Explore RockvilleHow Do I?
Click to Home
Go To Search
PrintEmail
Rockville Connect
Historic Resources Management Plan
The Historic Resources Management Plan (HRMP) outlines how Rockville’s historic buildings and areas are managed. The current plan was written in 1986, when resources had to be at least 50 years old to be considered historic.


Updating the Historic Resources Management Plan

The updated HRMP will be a living document that can be updated as required, and incorporates a narrative describing periods of Rockville’s development, lists of resources and methods of protection, and the implications for various stakeholders, such as the Mayor and Council, the Planning Commission, the Historic District Commission, Peerless Rockville, historic property owners and the public. The plan will include a comprehensive database of frequently updated historic resources and will also feature a 10-year action plan, with detailed priorities and implementation steps for historic preservation in the future. Learn more about the HRMP.

For more information, Contact Sheila Bashiri at 240-314-8236 or by email at 


Public Meeting on the HRMP Update
October 3, 2017 from 7-8:30 p.m.
Mayor and Council Chambers, City Hall

We invite community members to share their thoughts and ideas on preservation, and what buildings and places in Rockville are important to them. The public meeting will include a discussion of updates to the plan.


Stay Up To Date

Join our newsletter to receive updates about the Historic Resources Management Plan.

SIGN UP



About the Historic Resources Management Plan 

The Historic Resources Management Plan (HRMP) is a practical plan which addresses the management of the City’s historic resources, through implementation of the Comprehensive Plan. The current HRMP, adopted in 1986, established and described historic periods, cultural trends, and building types throughout Rockville’s history. The goals of the 1986 HRMP were to identify the historic resources in the City of Rockville, to present recommendations and implementation steps to protect and preserve those historic resources, and to coordinate the management of the City's historic resources through the Rockville Historic District Commission.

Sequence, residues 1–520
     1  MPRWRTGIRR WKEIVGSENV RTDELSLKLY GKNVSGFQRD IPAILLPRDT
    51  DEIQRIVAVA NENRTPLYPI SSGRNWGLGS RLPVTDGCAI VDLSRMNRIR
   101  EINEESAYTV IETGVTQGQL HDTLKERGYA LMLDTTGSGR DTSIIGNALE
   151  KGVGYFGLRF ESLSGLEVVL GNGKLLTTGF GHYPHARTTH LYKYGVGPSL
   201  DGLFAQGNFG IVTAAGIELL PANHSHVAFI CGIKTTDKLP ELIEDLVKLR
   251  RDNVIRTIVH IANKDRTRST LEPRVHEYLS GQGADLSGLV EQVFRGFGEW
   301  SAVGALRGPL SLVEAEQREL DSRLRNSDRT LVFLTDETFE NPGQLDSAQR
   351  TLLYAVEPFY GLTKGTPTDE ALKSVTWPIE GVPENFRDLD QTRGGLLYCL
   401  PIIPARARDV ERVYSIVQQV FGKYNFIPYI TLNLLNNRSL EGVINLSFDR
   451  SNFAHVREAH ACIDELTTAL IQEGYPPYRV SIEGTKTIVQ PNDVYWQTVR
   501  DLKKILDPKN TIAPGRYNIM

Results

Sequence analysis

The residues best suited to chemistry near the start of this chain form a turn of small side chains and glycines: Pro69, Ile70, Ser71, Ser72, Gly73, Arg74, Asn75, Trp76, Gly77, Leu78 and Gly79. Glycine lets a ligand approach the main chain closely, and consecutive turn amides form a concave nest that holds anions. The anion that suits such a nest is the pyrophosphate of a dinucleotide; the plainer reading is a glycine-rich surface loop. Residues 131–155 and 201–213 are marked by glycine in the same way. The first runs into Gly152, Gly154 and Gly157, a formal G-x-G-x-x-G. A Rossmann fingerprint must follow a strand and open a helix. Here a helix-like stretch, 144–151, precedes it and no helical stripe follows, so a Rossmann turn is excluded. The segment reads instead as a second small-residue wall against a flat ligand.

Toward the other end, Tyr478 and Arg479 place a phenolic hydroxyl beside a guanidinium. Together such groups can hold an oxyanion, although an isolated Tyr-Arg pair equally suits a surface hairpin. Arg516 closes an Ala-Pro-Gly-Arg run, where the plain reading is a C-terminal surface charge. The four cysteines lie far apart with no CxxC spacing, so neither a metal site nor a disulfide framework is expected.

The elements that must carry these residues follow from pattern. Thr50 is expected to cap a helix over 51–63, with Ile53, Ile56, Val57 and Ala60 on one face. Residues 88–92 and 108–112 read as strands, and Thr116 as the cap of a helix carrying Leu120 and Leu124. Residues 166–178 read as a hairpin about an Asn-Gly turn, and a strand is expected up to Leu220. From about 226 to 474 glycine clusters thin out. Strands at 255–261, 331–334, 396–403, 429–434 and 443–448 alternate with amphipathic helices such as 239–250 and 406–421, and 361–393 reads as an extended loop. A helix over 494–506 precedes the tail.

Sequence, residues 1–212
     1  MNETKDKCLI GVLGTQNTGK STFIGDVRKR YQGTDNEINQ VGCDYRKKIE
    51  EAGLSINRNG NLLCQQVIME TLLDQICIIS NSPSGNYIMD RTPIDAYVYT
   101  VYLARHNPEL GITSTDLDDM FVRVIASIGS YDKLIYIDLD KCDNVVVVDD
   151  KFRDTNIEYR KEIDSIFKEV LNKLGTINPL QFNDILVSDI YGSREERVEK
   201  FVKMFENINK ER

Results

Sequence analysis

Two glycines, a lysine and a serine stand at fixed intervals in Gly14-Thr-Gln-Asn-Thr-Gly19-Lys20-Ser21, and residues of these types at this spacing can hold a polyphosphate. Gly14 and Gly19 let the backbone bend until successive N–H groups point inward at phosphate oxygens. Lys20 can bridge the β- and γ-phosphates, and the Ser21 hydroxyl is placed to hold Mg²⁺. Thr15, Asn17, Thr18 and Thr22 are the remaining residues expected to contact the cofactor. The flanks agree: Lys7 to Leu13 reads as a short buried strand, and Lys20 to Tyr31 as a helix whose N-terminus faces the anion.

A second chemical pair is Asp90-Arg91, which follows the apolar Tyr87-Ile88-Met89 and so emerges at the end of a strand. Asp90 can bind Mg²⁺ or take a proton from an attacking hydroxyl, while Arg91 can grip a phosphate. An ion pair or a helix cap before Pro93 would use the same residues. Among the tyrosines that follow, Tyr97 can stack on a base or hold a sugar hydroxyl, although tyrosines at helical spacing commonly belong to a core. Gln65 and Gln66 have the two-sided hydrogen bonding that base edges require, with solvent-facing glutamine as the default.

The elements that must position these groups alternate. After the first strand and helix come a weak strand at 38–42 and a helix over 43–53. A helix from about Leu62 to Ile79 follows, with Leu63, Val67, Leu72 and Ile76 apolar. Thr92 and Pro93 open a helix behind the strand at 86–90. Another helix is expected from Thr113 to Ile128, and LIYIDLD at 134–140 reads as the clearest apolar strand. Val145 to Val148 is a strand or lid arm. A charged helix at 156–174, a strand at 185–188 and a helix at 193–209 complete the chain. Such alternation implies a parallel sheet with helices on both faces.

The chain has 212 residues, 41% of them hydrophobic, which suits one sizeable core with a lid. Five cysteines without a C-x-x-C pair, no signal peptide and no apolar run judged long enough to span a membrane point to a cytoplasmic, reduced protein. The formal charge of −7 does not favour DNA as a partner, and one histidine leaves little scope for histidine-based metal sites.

The current plan is a typewritten document that is over 30 years old, and overdue for an update. In January 2017, the City of Rockville contracted the services of Johnson, Mirmiran and Thompson, Inc. (JMT) of Baltimore, to draft a new Historic Resources Management Plan (HRMP). The new HRMP will continue to serve as a “functional plan” which will address the management of the City’s historic resources and how the Comprehensive Plan policies are to be carried out.

JMT will extract relevant content, and reorganize content from the 1986 HRMP, the Comprehensive Plan, and other documents into a new, updated HRMP. Additionally, the content will be expanded to more specifically address Rockville and its post-1945 building stock. The new document will also discuss the treatment of federal and state resources that are not locally designated by Rockville.

When the new HRMP is adopted, the 1986 HRMP will be “repealed”. The 1986 HRMP was written at a time when resources had to be at least fifty years old to be considered historic. The updated HRMP would be a ‘living document” that can be updated periodically as required. It will incorporate lists of various types of resources, different kinds of protection, and implications for different stakeholders (City, HDC, public). For example, the HRMP will include a comprehensive database of historic resources, identifying the type of designation for each (National Register, Rockville Historic District, Maryland Inventory of Historic Properties, properties of potential historic value, etc.) This list changes frequently.